After relaying the amazing story to Hight and company, a search party was organized to scour the shore and bay for any sign of the missing fisherman or the strange monster that had attacked them, led by Hight and two companions heavily armed with enormous elephant bore rifles. After a time of searching the waters and horizon in vain, Hight reported that one of the villagers began pointing out into the bay excitedly, and it was then that they could make out a spot on the otherwise calm water that was frothing and roiling, after which an enormous snake-like head menacingly emerged from below. The sight of the beast sent many of the search party into a profound panic, and the commotion they made seemed to draw its attention. The serpent is said to have started to approach them in an unmistakably threatening manner, again clearly demonstrating looping coils that Hight would later claim made it look “for all the world like some fabled dragon of antiquity.”

Although all of the men were safely on shore, the creature purportedly came towards them at full speed, only stopping when it hit the shallows, after which it thrashed about and roared and bellowed in frustration. At this point, they were able to get a good look at the lashing, raging thing. Just as the natives had described, it was estimated as being no less than 100 feet long, with a reptilian head “as large as a hogshead” and a huge, gaping maw adorned with four large, prong-like fangs surrounded by numerous smaller teeth. Further back on the head was a mane of thick bristles that was surmised to be used somehow for locomotion.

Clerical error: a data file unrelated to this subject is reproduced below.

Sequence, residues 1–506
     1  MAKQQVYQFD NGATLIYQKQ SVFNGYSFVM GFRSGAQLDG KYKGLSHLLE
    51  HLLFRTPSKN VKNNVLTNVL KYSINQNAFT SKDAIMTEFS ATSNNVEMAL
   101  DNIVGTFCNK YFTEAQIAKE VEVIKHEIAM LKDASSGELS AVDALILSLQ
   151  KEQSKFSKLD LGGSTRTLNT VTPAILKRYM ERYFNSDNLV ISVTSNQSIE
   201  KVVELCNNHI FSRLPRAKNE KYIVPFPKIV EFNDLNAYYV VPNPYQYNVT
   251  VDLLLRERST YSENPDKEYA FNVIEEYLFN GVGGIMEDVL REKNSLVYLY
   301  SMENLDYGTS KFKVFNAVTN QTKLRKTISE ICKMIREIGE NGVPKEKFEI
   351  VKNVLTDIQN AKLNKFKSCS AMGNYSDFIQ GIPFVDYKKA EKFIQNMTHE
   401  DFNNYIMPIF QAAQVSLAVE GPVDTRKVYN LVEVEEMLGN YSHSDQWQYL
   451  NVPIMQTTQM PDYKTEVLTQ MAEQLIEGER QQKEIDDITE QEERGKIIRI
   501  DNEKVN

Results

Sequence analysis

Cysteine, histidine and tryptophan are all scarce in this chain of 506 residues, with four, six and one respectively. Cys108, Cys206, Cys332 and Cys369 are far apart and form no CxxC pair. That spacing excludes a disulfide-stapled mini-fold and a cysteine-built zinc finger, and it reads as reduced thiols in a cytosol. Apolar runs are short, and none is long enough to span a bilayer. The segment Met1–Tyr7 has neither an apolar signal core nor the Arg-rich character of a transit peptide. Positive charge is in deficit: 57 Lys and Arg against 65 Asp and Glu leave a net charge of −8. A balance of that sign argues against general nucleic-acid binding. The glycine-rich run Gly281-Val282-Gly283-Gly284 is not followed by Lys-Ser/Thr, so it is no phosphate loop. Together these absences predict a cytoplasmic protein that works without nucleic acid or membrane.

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The three armed men stood watching in horrified fascination for a while as the villagers cowered behind them in fear, after which they decided to fire upon it when they realized it was trying to feel its way up through the shallows to reach them, to perhaps try to lurch onto shore to pull one of them in. All three of them unloaded their weapons onto the creature in unison, but rather than die or retreat, it only roared and seemed to become more agitated and determined to get at them. Several more volleys of bullets that would have dropped a rhinoceros were fired at it to no apparent effect, bringing them to the conclusion that its thick hide was essentially bulletproof. The men spent a further hour watching the struggling beast and taking occasional futile pot shots at it, after which it apparently decided it had had enough and rapidly turned around to dash out into the bay, where they watched it “dive and circle” until it disappeared into the distance. Although Hight would leave the village a few days later, he claimed that the monster would be seen two more times after he left, before going away for good.